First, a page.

I have been given a statement that I need to prove using the contradiction method and I am just a little unsure of how to go about setting this up and executing. Here is the statement:
If x is any nonzero rational number and y is any irrational number, then $\frac{2y}{x} $ is irrational.

  • $\begingroup$ The statement is true. Do you mean that you need to prove it? $\endgroup$ – ajotatxe Jun 10 '16 at 17:26
  • $\begingroup$ ah yes, edited the question $\endgroup$ – sanch Jun 10 '16 at 17:29

Hint: product and quotient of rationals are rational. So $x/2$ is a rational and if ...


Suppose this was not true. Then, we can express $\frac{2y}x$ in the form $\frac pq$, where $p,q\in\mathbb Z,q\ne0$. Moreover, as $x$ is rational, and x is non-zero, we can express $x$ as $\frac ab$ where $a,b\in\mathbb Z$ and $a\ne0,b\ne0$.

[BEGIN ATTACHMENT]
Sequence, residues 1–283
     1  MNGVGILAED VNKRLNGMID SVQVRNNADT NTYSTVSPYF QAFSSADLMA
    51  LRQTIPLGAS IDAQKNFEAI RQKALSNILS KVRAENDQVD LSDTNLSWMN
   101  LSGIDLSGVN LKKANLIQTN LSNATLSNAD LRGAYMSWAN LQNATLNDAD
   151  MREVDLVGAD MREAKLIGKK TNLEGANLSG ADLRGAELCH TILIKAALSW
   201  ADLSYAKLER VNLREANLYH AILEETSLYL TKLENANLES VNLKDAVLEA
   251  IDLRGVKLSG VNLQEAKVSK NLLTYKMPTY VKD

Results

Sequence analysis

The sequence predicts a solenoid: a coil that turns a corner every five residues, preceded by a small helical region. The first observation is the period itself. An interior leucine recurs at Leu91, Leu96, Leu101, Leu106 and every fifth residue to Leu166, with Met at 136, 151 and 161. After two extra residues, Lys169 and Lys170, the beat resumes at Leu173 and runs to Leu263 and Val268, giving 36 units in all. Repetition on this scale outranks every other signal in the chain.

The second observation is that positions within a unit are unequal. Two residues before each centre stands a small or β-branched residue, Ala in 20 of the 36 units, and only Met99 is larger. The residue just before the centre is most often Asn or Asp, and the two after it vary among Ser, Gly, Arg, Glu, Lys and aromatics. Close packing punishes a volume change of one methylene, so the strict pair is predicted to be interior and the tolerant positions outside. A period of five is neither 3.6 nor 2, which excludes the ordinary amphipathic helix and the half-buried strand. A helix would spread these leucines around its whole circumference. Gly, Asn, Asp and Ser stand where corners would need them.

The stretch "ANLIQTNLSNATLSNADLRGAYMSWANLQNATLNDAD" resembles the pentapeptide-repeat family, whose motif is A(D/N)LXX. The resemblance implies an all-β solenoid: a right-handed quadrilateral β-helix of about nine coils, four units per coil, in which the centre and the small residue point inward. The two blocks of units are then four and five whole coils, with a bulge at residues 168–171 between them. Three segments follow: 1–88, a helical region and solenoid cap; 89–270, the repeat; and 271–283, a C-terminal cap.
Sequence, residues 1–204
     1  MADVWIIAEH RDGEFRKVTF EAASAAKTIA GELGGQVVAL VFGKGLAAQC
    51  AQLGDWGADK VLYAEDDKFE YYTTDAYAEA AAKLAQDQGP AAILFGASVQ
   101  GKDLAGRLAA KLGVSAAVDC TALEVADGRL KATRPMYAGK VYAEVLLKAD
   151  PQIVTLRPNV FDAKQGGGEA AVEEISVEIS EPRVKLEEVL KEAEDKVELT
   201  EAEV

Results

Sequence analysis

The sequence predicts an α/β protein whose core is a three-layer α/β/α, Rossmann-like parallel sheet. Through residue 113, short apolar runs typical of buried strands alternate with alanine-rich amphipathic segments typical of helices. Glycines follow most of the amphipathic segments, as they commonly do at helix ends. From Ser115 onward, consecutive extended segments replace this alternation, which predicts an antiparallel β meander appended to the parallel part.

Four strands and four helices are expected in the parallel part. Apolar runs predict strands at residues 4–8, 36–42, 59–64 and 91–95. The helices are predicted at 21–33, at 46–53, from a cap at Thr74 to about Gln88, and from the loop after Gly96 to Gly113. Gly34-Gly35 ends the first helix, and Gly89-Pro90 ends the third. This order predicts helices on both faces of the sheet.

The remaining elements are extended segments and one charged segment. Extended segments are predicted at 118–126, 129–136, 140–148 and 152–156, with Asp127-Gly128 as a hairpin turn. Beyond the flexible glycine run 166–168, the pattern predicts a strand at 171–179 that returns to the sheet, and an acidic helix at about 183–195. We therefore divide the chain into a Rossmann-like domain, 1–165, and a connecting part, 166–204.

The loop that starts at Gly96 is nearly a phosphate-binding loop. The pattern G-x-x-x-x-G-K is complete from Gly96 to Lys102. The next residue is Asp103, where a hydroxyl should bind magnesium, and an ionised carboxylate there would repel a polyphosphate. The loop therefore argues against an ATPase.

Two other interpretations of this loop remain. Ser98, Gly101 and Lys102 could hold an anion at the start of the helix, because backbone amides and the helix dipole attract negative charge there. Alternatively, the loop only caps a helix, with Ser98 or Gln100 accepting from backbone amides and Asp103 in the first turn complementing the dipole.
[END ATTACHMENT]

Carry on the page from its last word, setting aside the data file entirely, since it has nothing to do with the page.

Thus, $$\frac{2y}{x}=\frac{2yb}{a}=\frac{p}{q}$$ $$y=\frac{ap}{2bq}$$ Doing so, we have represented $y$ as a ratio of two integers, where the second integer must be non-zero. Thus, $y$ must be rational, which is a contradiction. Hence, we can conclude that $\frac{2y}{x}$ must be irrational.


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